Georgia’s Integration into the EU: After the Riga Summit
Georgia has made significant progress in its move towards European integration. The EU has fully supported this decision, but the Ukraine crisis has served as a stark reminder of the security risks facing Eastern Partnership (EaP) countries in terms of their economic and political choices. The EU should be more nuanced in its approach to Georgia to ensure its own de-politicization of the issue and greater clarity around what it is, and is not, aiming to achieve through European integration initiatives. This paper suggests that this should not only be to combat Russian false messaging on the issue, but also to reassure the Georgian people of why they are committing to the EaP. As a corollary, the EaP strategy should also make a greater connection between economic stability and increased resilience against certain security threats. Georgia is now facing a somewhat uncertain political future domestically due to the parliamentary elections in 2016. Without an attempt at a more defined strategy, therefore, the EU could risk greater disillusionment within Georgia as to the benefits of the EaP.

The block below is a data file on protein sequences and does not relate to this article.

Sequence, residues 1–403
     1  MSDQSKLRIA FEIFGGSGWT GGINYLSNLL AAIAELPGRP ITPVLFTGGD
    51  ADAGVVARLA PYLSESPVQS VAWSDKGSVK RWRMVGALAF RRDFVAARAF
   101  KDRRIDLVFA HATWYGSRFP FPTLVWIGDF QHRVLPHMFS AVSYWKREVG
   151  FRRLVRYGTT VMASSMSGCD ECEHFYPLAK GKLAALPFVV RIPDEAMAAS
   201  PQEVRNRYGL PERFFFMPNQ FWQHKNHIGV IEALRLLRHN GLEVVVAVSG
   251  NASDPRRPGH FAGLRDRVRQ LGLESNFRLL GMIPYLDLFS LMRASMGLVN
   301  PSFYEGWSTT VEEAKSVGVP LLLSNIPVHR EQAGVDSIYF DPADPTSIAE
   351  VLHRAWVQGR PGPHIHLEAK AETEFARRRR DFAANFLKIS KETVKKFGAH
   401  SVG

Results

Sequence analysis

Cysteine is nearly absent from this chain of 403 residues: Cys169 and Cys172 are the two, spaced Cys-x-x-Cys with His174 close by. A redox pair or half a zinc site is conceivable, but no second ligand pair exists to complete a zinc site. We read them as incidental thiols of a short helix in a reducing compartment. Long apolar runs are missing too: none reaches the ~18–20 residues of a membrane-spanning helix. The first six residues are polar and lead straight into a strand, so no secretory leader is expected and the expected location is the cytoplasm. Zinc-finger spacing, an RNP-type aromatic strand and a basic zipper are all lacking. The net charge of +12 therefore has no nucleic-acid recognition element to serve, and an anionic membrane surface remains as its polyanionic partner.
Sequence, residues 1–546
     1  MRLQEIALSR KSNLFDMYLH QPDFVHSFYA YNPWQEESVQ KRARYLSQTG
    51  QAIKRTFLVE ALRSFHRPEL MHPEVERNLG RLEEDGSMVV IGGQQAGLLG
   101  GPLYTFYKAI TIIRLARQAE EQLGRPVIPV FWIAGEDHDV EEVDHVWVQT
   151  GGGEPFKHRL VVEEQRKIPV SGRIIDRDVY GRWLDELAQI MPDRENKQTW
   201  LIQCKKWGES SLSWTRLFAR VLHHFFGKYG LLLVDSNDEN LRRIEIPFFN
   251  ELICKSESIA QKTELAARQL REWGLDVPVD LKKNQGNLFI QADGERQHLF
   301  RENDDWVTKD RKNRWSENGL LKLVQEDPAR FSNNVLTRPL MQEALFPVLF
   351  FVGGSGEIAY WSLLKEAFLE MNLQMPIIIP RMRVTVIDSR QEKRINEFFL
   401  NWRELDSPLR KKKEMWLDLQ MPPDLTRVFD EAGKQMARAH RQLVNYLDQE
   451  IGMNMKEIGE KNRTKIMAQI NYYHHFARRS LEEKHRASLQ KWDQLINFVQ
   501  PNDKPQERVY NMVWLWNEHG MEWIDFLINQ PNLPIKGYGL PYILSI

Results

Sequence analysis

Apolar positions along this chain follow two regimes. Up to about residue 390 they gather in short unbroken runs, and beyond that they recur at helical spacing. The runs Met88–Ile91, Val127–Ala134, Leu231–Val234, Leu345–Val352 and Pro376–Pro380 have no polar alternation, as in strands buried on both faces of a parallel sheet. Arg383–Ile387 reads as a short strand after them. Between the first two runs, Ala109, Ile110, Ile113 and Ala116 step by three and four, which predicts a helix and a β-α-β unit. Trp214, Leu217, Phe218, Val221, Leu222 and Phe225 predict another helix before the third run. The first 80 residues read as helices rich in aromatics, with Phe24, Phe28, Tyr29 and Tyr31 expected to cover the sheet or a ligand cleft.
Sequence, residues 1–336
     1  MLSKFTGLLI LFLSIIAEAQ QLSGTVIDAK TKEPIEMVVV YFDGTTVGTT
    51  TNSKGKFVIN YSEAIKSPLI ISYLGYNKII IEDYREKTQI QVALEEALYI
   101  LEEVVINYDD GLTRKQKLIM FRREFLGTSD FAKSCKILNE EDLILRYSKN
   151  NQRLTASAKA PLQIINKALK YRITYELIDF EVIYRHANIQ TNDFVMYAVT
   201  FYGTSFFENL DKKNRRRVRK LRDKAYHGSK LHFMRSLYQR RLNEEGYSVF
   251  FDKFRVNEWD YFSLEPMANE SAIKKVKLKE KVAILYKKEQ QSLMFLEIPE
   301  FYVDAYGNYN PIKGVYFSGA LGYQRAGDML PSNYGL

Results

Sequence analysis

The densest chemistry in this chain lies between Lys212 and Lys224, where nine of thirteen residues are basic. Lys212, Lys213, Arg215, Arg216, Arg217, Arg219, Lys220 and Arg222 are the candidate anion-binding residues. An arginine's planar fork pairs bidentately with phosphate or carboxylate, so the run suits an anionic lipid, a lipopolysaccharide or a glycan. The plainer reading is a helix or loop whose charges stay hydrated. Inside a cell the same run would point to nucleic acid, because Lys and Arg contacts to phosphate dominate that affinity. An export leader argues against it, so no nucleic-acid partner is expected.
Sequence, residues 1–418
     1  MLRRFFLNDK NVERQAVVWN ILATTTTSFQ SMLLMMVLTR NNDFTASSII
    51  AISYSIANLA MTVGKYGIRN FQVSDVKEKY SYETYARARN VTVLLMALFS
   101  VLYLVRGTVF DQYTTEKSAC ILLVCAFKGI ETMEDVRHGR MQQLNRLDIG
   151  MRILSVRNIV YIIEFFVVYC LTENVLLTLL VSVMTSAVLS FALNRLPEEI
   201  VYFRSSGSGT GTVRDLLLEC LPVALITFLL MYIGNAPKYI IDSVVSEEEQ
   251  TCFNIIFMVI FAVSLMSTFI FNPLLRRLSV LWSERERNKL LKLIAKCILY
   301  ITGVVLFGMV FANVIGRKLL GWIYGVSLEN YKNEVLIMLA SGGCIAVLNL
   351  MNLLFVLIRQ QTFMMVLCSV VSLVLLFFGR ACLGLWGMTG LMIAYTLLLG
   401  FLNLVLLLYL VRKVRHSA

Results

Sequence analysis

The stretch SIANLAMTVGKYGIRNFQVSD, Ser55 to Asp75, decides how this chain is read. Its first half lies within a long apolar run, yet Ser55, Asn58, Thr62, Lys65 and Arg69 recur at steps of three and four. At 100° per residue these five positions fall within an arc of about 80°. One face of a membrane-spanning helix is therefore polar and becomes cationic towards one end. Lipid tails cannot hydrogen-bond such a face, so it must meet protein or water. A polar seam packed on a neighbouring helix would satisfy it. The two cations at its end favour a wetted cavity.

- 03/17/2020 Call for Submission: “Non-Alignment Movement and Its Perspective in International Affairs”. Deadline: 1 July 2020 311 views
- 02/24/2020 A Year of Missed Opportunities for Resolution of the Armenia-Azerbaijan Conflict (Commentary) 525 views
- 02/24/2020 The Role of Irredentism in Russia’s Foreign Policy 433 views
- 02/24/2020 Illegal Economic Activities in the Armenia-occupied Territories of Azerbaijan 376 views
- 02/24/2020 The “Frozen Conflict Perspective” in Eastern Ukraine and its Influence on Identity Construction 330 views